Soul talk in alien tongue
 Reviewed by Abhishek Joshi

Reading Gandhi in Two Tongues and Other Essays
By Tridip Suhrud. 
Indian Institute of Advanced Study. Pages 214. Rs 250 

Describing an incident that is a telling reflection on Mahatma Gandhi's bilingual mode of thought, Tridip Suhrud, in Reading Gandhi in Two Tongues, says he was in South Africa when the Transvaal Government proposed changes in the Asiatic Act. The changes made registration of all Asiatics compulsory and demanded that they submit impressions of all their fingers, a clause seen as humiliating. Describing his response, Gandhi says: "I took the Transvaal Government Gazette Extraordinary of August 22, 1906 in which the Ordinace was published, home from the office. I went up a hill near the house in the company of a friend and began to translate the draft Ordinance into Gujarati."

"This is remarkable. A Britain-trained barrister practising law in a South African colony translates a legal ordinance into his mother tongue in order to comprehend the true significance of it! He knew that the Ordinance was intended for the Asiatic community, particularly the Indians. The humiliation inherent in that cold, bureaucratic document could be fully internalised fully only in his own language. It was only after its translation not only in a linguistic sense but also in a cultural sense that any effective opposition to it could be thought of," writes Tridip.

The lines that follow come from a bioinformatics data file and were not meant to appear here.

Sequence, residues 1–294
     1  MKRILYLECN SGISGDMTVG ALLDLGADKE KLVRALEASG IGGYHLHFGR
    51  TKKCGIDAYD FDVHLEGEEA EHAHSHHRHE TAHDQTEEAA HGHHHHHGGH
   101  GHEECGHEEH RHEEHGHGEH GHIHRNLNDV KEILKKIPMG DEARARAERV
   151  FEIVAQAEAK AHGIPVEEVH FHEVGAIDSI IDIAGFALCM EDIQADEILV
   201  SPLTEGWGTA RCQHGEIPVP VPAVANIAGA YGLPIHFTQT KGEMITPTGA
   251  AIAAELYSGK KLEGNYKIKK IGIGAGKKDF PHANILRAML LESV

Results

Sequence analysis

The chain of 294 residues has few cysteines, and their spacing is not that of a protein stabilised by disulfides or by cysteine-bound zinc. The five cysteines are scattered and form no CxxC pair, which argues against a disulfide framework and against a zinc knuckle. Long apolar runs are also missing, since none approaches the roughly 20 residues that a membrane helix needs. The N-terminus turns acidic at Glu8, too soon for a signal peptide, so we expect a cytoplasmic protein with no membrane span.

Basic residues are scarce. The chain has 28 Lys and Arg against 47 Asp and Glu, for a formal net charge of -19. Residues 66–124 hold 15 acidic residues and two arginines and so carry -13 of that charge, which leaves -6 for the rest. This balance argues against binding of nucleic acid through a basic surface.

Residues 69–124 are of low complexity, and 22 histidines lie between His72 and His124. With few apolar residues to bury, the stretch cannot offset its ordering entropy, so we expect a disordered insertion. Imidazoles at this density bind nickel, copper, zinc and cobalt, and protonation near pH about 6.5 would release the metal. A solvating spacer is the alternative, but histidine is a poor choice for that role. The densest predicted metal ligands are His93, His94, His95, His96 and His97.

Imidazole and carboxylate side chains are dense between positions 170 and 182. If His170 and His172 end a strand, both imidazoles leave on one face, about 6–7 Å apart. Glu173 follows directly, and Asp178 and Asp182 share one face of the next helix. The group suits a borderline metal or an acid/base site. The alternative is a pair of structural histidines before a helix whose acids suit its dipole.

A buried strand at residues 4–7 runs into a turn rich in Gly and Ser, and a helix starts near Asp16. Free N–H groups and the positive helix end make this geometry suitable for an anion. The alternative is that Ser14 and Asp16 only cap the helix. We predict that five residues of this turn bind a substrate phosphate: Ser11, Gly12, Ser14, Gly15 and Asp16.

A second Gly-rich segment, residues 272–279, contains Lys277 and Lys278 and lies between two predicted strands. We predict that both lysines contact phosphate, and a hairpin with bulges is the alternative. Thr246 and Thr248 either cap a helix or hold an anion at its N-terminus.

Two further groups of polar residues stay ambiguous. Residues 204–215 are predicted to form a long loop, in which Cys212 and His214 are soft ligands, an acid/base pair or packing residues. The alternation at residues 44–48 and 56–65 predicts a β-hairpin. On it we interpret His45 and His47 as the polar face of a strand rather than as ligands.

Gandhi wrote his key texts in Gujarati. But his conceptual universe was deeply informed by his reading of European civilisation and European thinkers. As for what had set him on writing his autobiography, the Mahatma is said to have stated, “It is not my purpose to attempt a real autobiography. I simply want to tell the story of my numerous experiments with truth... If the experiments are really spiritual, then there can be no room for self-praise. They can only add to my humility.”

Gandhi, Tridip says, takes the Western form of writing about the self and translates it in his own idiom. The Gujarati word for autobiographical writings is Atmakatha. The term translates as not autobiography but as "the story of the soul".

He rendered Hind Swaraj into English, while other key texts were translated by his closest associates like Mahadev Desai and Valji Govind Desai. Gandhi debated, revised and authenticated these translations. Gandhi wrote an account of Satyagraha in South Africa as Dakshin Africa Na Satyagraha No Itihas (in Gujarati). Its exact translation in English would have to be A History of Satyagraha in South Africa. The title of the book in English reads Satyagraha in South Africa', thus omitting the term history. Gandhi saw these two as separate. Itihas means: “It so happened”. History has to do with the doings of kings and emperors. A fascinating look at how expression in multiple languages turned out to be one of the many challenges the Mahatma faced in his lifetime.